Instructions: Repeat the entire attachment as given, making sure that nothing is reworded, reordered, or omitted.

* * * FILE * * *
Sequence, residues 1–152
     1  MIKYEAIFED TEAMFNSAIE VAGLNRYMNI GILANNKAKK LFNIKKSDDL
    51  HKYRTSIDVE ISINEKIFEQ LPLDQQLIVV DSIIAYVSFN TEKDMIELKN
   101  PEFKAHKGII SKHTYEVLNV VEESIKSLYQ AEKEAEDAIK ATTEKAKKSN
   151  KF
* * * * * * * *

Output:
Sequence, residues 1–152
     1  MIKYEAIFED TEAMFNSAIE VAGLNRYMNI GILANNKAKK LFNIKKSDDL
    51  HKYRTSIDVE ISINEKIFEQ LPLDQQLIVV DSIIAYVSFN TEKDMIELKN
   101  PEFKAHKGII SKHTYEVLNV VEESIKSLYQ AEKEAEDAIK ATTEKAKKSN
   151  KF